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How to Prevent Spider Veins

Written By: Emma Squillace

As we get older, many of us will develop spider veins. They often appear on the legs or face, and look like a web of small blue, red, or purple veins. Some people who have spider veins have no symptoms, but others suffer from itchiness, rash, or pain. In addition to causing uncomfortable symptoms for some, spider veins can give the appearance of being older. Many people who visit the West Medical offices for spider vein treatment are looking for a cosmetic improvement that will increase their confidence in their physical appearance.

If you do not have spider veins, there are some steps you can take to prevent them from forming. There are no guarantees, however, because there are factors out of our control like heredity and hormonal changes.


Physical exercise can help prevent spider veins because it improves blood flow. When we sit for too long, it is harder for blood to flow through our veins and this can lead to spider veins as well as varicose veins. The exercise does not have to be extreme. Going for walks, yoga, and light cycling are all good ways to improve blood flow.

Maintain a Healthy Weight

Carrying excess weight can increase your chances of developing spider veins. This is because those extra pounds put more pressure on veins. Losing weight can lower your risk factors for developing this type of visible veins. If you are trying to lose 30 or more pounds, bariatric surgery or a non-surgical procedure like a weight loss balloon can help.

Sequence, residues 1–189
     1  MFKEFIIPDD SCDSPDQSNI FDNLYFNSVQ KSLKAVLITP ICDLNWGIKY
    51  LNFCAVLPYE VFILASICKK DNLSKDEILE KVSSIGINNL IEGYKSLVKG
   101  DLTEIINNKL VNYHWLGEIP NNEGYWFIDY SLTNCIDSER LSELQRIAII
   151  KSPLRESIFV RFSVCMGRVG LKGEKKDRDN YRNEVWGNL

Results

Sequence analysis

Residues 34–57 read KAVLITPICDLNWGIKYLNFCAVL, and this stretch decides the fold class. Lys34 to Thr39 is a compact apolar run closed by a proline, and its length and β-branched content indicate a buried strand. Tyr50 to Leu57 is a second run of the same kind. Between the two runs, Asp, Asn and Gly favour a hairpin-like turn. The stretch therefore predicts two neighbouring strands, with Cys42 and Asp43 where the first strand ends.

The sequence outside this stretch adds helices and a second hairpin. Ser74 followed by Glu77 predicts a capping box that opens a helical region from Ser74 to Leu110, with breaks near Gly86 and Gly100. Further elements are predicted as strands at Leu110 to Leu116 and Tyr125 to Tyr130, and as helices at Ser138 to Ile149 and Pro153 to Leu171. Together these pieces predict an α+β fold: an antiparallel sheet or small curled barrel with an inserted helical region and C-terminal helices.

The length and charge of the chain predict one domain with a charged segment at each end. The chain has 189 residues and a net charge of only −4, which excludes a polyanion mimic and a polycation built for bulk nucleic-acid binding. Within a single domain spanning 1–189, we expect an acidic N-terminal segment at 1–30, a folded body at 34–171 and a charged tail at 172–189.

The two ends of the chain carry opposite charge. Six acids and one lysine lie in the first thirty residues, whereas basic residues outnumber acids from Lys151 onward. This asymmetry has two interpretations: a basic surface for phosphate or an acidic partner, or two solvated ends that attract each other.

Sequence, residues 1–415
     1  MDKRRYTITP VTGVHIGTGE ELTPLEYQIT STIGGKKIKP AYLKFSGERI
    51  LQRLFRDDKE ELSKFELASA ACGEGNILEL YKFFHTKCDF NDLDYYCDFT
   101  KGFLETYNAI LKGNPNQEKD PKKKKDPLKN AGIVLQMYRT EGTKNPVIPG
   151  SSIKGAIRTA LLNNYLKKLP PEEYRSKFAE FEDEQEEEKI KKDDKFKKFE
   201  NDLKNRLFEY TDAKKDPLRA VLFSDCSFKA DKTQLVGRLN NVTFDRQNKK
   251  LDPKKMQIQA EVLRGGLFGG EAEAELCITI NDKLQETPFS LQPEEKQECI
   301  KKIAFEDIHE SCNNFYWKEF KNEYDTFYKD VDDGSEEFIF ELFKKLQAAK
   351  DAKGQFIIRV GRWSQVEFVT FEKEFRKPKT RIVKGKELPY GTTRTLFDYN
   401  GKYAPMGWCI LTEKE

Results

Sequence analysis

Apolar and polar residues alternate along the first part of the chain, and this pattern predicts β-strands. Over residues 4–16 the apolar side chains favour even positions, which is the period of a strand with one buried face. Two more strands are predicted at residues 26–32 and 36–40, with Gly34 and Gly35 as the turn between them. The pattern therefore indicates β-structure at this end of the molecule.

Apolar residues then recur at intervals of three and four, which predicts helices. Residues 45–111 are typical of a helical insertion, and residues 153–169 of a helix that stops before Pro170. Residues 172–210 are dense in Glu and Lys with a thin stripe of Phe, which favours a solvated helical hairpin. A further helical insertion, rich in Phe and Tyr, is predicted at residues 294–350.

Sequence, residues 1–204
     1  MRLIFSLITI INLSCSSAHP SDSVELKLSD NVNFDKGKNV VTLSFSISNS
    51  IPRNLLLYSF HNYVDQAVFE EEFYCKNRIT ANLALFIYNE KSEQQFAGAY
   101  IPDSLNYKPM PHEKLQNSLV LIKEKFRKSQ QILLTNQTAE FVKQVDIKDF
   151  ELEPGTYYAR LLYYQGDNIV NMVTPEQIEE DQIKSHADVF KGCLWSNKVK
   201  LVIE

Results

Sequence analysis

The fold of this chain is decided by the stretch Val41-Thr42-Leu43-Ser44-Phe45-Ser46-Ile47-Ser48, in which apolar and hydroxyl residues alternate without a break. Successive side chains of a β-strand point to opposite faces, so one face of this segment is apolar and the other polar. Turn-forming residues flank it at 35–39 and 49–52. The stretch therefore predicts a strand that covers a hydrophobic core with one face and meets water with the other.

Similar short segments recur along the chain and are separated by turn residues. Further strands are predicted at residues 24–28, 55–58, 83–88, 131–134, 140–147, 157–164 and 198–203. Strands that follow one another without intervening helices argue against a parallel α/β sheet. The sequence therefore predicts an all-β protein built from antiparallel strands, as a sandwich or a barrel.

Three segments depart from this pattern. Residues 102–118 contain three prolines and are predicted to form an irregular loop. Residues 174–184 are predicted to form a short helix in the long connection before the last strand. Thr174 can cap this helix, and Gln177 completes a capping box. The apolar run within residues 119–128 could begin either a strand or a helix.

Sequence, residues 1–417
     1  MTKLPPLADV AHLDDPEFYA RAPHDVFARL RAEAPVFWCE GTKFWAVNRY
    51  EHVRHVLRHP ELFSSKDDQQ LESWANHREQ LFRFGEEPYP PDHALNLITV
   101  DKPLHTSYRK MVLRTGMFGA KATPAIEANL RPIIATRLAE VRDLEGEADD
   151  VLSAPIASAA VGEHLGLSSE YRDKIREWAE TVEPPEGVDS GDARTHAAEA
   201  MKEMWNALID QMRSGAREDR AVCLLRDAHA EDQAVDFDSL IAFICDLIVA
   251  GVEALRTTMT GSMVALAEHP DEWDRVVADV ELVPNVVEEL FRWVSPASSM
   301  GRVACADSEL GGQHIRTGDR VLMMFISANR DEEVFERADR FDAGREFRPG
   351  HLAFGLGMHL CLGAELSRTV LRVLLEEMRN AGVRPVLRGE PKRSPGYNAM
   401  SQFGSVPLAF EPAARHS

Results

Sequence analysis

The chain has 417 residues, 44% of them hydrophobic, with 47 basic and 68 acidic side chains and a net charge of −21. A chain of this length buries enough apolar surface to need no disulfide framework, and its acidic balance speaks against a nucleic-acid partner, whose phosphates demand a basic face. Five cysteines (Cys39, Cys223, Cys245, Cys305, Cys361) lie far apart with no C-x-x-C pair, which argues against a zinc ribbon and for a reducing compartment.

Use Sunscreen

Pale-skinned people are especially at risk for spider veins if they don’t protect their skin from the sun’s rays. However, everyone, even those with dark complexions, can benefit from regular use of a strong sunscreen. Sun exposure can often be a risk factor for spider veins on your cheeks or nose. Remember, sunscreen isn’t just for sunny days! It’s been shown that up to 80% of the sun’s harmful UV rays can reach us even through cloud cover.

Take Breaks at Work

Standing for a long time and sitting for a long time, are both risk factors for developing spider veins. People who stand a lot for work like nurses, teachers, and retail workers should try to sit and put their feet up when possible. Those who sit all day for work, like office-workers, should stand or take short walks regularly throughout the workday. If you can take a phone call while standing, or go for a 10 minute walk after a meeting, those changes in your body position can help prevent spider veins. If you have to sit a lot, be particularly careful not to cross your legs. That can also put extra pressure on your veins.

These tips can help prevent, or lesson the impact of, spider veins for some people. For others, the combination of heredity, hormones, and other factors out of your control will mean you inevitably end up with some of these visible veins. If you have developed spider or varicose veins and would like to learn about your treatment options, we’d love to speak with you. To ask us a question or schedule a consultation, please call our offices at (855) 690-0565.

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